The species has declined because of deforestation
This large hornbill, endemic to the Philippine Islands, has beautiful red, black and brown plumage. But it has, like all hornbills, a big red beak that carries an impressive casque of the same colour and part of its skull.
It lives in the primary and secondary forests of about a dozen islands of the archipelago, feeding on insects which it often catches in flight, small vertebrates as well as on fruit.
As with most hornbills, when breeding-season starts, the female is literally imprisoned in a tree-cavity, the entrance to which is sealed by the couple – except for a small opening – by means of a solid coating like plaster. The female is completely dependent upon the male during the two months of imprisonment, while incubating and raising the chicks. Once fledglings get too big, the female will leave the nest and both adults continue to feed the young until they leave the nest.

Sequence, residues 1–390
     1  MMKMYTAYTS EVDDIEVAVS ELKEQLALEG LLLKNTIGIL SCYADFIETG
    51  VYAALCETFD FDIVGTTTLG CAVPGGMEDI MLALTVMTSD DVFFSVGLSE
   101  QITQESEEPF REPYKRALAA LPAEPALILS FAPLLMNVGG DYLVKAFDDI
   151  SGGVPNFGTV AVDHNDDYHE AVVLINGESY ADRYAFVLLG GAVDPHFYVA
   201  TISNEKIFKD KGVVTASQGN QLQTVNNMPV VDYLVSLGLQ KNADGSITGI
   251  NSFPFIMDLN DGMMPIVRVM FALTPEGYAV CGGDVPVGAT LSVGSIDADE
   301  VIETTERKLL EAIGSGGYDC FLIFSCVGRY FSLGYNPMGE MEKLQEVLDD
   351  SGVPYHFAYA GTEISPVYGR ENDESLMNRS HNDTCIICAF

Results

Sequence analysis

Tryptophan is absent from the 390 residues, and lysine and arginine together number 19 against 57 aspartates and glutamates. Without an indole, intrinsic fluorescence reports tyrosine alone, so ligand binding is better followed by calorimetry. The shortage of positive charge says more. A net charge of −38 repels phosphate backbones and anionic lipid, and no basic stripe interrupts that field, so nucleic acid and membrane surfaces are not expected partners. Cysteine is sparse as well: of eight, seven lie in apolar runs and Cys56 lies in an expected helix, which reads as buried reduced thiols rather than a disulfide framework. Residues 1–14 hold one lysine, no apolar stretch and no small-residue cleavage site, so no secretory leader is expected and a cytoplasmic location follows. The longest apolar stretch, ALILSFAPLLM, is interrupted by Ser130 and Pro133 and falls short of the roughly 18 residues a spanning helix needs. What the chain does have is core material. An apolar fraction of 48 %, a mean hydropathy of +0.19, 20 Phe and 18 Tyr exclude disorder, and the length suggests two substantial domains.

The species has considerably declined during recent decades because of deforestation.
Two Rufous Hornbills
A male and a female
A "near threatened" species
- Name : Rufous Hornbill
- Latin name : Buceros hydrocorax hydrocorax
- Origin : The Philippines
- IUCN status : Near threatened
- Cites : Appendix II